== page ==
A noble metal-free proton-exchange membrane fuel cell based on bio-inspired molecular catalysts†
Hydrogen is a promising energy vector for storing renewable energies: obtained from water-splitting, in electrolysers or photoelectrochemical cells, it can be turned back to electricity on demand in fuel cells (FCs). Proton exchange membrane (PEM) devices with low internal resistance, high compactness and stability are an attractive technology optimized over decades, affording fast start-up times and low operating temperatures. However, they rely on the powerful catalytic properties of noble metals such as platinum, while lower cost, more abundant materials would be needed for economic viability. Replacing these noble metals at both electrodes has long proven to be a difficult task, so far incompatible with PEM technologies. Here we take advantage of newly developed bio-inspired molecular H2 oxidation catalysts and noble metal-free O2-reducing materials, to fabricate a noble metal-free PEMFC, with an 0.74 V open circuit voltage and a 23 μW cm−2 output power under technologically relevant conditions. X-ray absorption spectroscopy measurements confirm that the catalysts are stable and retain their structure during turnover.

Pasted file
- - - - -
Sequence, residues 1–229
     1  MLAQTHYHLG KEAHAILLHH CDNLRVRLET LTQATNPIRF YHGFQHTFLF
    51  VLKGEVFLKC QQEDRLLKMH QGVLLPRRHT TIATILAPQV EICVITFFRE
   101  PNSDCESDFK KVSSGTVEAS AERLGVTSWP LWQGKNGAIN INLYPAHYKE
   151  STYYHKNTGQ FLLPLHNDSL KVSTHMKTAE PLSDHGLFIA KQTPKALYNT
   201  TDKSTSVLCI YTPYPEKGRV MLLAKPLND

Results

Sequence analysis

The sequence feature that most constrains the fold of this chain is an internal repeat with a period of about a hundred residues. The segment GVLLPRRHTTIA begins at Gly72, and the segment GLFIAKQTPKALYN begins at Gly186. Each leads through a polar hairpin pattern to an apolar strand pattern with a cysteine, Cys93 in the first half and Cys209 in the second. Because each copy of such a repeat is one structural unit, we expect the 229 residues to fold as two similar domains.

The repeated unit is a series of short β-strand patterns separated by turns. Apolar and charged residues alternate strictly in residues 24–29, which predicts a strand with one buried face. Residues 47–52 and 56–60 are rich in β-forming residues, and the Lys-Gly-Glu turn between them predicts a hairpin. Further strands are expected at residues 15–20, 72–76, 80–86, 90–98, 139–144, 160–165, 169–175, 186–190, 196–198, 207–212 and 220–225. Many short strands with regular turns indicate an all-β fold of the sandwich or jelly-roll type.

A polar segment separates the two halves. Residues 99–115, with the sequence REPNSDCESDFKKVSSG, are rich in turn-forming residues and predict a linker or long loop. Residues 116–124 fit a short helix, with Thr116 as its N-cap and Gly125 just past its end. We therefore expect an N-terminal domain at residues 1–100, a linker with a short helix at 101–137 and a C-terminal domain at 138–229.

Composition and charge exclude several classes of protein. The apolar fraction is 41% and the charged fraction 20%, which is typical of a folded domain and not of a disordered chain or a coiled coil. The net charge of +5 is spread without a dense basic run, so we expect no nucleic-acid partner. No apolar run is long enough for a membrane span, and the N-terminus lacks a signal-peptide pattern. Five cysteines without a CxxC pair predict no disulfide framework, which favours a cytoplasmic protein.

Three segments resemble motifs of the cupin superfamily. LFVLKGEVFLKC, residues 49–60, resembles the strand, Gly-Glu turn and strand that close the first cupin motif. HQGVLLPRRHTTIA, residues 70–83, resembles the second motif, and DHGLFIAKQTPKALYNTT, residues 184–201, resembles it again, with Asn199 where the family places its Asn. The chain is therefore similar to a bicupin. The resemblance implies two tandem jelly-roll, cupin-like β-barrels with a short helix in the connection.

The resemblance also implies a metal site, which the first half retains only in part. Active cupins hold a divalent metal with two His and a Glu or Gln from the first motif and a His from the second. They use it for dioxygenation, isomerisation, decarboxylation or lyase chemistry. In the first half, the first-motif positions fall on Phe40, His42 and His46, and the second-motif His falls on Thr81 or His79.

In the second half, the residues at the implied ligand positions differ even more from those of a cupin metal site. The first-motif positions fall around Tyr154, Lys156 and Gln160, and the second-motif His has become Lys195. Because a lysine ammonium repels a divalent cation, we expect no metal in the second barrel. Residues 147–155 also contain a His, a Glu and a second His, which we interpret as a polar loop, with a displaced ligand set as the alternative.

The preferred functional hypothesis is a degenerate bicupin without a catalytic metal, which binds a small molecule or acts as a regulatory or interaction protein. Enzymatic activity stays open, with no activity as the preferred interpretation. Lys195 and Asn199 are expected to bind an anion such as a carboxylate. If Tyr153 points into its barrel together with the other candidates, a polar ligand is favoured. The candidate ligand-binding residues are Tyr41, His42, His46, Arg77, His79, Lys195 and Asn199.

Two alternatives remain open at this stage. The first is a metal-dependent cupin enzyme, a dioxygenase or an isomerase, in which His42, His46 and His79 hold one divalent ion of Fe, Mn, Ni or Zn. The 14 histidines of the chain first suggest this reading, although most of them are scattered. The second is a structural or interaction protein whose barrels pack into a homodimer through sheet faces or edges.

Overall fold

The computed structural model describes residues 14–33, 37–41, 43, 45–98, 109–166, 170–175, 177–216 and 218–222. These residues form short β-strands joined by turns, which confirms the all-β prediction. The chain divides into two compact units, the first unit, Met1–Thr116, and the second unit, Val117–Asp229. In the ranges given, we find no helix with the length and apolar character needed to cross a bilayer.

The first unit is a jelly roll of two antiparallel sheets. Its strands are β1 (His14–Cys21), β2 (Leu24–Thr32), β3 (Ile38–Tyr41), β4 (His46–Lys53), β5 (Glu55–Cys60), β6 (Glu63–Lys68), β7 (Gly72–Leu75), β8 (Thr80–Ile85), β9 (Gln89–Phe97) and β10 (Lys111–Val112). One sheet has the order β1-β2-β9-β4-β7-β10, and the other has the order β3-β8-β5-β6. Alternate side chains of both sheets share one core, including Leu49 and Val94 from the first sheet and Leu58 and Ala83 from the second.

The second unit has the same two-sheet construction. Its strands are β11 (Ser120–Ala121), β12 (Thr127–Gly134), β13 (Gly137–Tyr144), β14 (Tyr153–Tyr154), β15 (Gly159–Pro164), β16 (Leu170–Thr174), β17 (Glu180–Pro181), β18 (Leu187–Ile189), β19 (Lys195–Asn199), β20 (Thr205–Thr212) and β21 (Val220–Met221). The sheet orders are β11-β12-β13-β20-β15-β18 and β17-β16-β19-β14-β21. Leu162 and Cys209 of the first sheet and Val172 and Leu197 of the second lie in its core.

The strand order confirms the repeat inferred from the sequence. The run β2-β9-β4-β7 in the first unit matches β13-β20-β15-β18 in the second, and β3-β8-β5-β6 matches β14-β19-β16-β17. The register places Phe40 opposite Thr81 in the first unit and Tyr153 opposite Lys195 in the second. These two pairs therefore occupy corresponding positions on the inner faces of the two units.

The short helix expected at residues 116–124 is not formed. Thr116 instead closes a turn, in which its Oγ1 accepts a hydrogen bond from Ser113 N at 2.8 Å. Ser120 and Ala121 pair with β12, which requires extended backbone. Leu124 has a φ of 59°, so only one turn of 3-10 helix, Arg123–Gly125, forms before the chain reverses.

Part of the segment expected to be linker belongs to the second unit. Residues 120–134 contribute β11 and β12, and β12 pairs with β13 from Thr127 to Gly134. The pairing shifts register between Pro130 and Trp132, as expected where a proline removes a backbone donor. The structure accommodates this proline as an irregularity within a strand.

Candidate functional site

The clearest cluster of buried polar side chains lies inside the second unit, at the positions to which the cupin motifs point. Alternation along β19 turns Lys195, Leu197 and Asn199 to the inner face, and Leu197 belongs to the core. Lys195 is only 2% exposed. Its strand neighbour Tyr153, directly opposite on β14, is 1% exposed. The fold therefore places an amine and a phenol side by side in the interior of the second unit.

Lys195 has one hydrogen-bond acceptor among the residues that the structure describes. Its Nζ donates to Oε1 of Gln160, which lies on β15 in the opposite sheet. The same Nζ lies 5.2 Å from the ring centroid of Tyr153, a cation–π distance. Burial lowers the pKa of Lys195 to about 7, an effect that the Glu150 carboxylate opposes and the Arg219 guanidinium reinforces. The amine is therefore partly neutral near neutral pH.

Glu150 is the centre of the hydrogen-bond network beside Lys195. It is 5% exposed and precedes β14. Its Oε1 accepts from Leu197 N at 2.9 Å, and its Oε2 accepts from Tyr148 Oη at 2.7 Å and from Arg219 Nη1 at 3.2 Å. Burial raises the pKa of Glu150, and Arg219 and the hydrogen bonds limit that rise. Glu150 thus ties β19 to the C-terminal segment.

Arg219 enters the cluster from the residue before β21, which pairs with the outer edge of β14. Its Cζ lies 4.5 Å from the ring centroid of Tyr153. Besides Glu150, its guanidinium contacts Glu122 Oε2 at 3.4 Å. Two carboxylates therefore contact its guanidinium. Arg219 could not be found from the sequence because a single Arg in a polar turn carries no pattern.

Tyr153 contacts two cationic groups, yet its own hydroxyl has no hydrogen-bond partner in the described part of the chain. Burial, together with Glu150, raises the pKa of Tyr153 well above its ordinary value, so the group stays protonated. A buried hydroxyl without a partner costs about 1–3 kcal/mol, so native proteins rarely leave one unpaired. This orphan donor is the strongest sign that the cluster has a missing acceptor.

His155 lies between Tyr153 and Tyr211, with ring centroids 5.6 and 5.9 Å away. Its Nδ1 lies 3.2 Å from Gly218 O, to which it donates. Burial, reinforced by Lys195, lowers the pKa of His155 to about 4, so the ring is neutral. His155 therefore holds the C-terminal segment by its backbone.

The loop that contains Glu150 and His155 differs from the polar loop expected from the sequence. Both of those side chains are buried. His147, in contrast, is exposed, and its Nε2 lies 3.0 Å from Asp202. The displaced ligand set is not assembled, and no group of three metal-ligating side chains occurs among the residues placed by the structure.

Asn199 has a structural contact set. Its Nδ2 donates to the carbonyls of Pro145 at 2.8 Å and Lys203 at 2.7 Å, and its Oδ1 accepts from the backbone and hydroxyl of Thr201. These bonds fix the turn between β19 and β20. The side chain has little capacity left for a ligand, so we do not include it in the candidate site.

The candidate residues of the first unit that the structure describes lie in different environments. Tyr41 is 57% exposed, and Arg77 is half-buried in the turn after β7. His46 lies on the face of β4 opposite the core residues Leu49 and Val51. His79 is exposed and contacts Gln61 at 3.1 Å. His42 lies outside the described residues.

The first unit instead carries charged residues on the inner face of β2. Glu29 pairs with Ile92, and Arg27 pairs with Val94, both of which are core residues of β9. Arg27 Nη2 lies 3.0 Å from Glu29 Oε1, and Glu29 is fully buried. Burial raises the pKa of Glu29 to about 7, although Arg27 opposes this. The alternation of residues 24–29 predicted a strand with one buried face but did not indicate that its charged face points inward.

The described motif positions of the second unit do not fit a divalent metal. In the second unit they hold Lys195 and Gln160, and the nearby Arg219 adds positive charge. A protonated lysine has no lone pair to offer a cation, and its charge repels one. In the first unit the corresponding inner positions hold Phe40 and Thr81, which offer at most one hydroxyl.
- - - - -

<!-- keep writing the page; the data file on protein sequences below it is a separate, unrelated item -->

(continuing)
- This article is part of the themed collection: Global Energy Challenges: Electrochemical Energy